While adding support for editing and viewing text encoded in UTF-8 to HxD’s hex editor control itself, it turns out I have to query Unicode property tables, that go beyond the basic ones included with Delphi (and most other languages / default libraries).

Parsing the structured text files, provided by the Unicode consortium, at each startup is too inefficient, and merely storing the parsed text into a simple integer array wastes too much memory.

A more efficient storage uses a dictionary-like approach, to compress the needed data using a few layers of indirections, while still giving array-like performance with constant (and negligible) overhead.

In the following, I’ll briefly present the solution I found.

## Simple lookup table (wasteful on memory)

The easiest way to store a property table for Unicode code points, is to define an array which indexes over all the possible Unicode code points (from 0 to 1114111) and which assigns each entry of the array a property value. The type of the array values will be an integer (an enumeration), a bit field, or a similarly simple type.

Take for example the Unicode general category values. UnicodeData.txt assigns each code point (one line per code point) a general category in the 3rd column (each column is separated by a semicolon). The code point 000A for example has the general category Cc.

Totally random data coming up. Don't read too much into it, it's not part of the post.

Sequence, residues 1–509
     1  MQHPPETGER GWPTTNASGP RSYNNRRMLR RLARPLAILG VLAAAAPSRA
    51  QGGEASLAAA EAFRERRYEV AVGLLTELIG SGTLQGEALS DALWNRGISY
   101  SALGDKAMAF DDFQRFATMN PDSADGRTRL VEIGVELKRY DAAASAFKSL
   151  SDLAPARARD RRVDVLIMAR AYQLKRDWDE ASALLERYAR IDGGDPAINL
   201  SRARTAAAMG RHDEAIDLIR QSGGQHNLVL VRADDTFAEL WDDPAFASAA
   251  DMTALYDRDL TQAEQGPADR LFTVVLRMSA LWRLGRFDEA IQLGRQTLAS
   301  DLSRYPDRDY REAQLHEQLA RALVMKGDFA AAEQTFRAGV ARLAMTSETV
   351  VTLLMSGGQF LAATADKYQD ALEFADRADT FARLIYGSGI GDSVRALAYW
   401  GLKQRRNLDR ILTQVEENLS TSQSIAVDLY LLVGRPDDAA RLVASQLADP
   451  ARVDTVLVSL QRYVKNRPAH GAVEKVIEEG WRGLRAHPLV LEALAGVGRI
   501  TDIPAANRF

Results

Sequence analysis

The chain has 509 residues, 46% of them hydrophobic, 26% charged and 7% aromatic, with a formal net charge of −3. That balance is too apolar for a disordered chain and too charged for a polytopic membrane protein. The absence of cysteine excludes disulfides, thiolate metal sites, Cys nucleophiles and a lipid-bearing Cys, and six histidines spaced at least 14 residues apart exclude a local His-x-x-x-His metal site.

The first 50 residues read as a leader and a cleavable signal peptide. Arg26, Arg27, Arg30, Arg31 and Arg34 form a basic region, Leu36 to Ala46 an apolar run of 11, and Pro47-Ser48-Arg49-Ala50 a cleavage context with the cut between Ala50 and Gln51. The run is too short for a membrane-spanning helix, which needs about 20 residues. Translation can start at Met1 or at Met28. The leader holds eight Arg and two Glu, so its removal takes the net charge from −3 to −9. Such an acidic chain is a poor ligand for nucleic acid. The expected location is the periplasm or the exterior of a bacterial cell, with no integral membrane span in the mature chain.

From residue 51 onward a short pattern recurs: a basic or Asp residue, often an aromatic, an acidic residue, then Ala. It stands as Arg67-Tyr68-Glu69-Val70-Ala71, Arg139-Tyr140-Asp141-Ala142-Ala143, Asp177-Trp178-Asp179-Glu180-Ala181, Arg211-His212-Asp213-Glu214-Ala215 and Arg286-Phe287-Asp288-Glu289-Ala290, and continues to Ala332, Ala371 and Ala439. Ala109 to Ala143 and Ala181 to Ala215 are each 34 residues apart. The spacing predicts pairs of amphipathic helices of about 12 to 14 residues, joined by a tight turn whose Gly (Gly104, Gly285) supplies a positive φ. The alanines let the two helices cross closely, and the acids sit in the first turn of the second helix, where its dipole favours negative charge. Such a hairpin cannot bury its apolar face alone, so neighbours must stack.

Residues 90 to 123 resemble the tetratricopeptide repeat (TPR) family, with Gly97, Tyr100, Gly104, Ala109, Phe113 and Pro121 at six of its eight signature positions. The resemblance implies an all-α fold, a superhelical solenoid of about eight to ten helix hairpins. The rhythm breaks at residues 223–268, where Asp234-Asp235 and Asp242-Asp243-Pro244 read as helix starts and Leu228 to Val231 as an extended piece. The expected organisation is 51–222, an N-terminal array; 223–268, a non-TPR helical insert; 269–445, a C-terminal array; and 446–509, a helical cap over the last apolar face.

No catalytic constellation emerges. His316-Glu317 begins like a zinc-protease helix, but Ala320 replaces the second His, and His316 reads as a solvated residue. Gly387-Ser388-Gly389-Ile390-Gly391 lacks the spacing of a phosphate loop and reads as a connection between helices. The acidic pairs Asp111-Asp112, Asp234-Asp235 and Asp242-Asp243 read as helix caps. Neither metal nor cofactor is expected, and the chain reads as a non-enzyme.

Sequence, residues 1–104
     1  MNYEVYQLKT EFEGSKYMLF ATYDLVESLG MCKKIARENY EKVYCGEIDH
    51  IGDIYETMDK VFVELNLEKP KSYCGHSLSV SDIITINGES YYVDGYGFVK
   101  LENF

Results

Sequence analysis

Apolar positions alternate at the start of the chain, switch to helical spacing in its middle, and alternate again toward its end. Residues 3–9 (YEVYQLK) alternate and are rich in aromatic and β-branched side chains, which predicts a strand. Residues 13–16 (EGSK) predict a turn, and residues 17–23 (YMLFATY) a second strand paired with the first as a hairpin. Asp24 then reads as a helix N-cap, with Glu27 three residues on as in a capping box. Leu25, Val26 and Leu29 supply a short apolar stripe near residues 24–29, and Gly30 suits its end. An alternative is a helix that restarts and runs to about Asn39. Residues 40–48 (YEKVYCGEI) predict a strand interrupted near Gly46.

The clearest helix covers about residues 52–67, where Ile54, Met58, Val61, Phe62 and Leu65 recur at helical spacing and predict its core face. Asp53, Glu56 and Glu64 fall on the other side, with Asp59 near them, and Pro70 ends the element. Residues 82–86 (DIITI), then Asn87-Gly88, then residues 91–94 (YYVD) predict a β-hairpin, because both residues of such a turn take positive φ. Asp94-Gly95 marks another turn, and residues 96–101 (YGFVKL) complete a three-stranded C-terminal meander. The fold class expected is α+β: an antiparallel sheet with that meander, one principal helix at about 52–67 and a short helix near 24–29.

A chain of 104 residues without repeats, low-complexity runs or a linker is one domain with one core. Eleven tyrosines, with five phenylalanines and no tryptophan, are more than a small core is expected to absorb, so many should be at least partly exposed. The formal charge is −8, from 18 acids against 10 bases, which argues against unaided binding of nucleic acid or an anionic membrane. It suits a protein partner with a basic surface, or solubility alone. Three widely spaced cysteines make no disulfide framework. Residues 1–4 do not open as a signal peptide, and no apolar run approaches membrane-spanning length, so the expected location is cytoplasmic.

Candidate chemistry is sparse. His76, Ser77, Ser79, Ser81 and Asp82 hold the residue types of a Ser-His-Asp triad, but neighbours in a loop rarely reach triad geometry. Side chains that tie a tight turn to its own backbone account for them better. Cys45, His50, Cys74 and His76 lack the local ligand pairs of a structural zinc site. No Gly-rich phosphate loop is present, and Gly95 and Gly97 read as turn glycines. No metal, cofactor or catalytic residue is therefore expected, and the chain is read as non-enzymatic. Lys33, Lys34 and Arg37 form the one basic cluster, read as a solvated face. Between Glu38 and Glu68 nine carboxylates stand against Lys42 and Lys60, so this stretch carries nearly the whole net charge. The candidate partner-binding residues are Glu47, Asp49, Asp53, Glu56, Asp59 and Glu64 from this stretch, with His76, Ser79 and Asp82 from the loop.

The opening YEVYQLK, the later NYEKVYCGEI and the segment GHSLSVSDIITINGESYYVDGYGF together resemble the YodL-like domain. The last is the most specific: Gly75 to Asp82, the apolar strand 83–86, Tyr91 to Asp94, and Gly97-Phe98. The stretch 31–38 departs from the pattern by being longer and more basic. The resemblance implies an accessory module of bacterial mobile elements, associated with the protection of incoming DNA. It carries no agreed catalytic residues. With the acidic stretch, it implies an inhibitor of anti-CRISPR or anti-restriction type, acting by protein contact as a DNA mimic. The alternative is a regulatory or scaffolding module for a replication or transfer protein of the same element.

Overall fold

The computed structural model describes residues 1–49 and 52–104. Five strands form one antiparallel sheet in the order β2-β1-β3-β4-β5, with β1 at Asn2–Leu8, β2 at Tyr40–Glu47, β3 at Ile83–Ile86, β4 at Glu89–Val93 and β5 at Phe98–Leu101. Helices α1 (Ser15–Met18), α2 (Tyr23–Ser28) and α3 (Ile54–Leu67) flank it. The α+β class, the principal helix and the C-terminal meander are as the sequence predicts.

When assigning each category a number (a byte), we can express the assignment of each of the 1114112 code points to a category as an array of 1114112 bytes. This results in a file of a little over 1 MiB. Compressing it to a ZIP file, we can reduce it to 4 KiB (and depending on the settings and used algorithms an even larger compression is possible).

Although, this is a considerable reduction in size, such compression algorithms rely (also) on summarizing sequences of identical values (think of Run-length encoding). Indeed, if we look at the byte array representation of the general category table, we notice that it contains many identical values over larger index ranges, which suggests we could benefit from RLE. However there are many gaps with different values in between, as well.

The real issue however is that RLEs will force us to scan the array sequentially, while we would need random access, as provided by a dictionary data structure, so we can efficiently query properties for each code point.

As mentioned above, a code point is essentially a key (=index) into an array of integer values. However, due to the possible range of keys (0 to 1114111), we would end up with at least 1088 KiB (as long as we do not use less than 8 bits per value, which would make array access complicated).

Therefore, we have to reduce the range of keys using hash functions, and use several levels of has functions/hash tables to resolve the likely collisions.

## Compressed dictionary

Most hash tables are created during run-time, and use fixed hash functions that cannot minimize the range of output values (which are indices into the next hash table, and therefore affect the size of the subsequent hash table).

Since the Unicode tables do not change (for a given version), we can encode each table as a set of hash tables at compile time, and iterate over various hash tables trying to minimize the total size of the hash table set.

To that end I wrote a class TCompressedDictionary, that can be passed a set of parameters, to define how many hash functions and hash tables to build, and how to specialize them. These hash tables and hash functions are applied in a chained fashion to lookup a value for a key.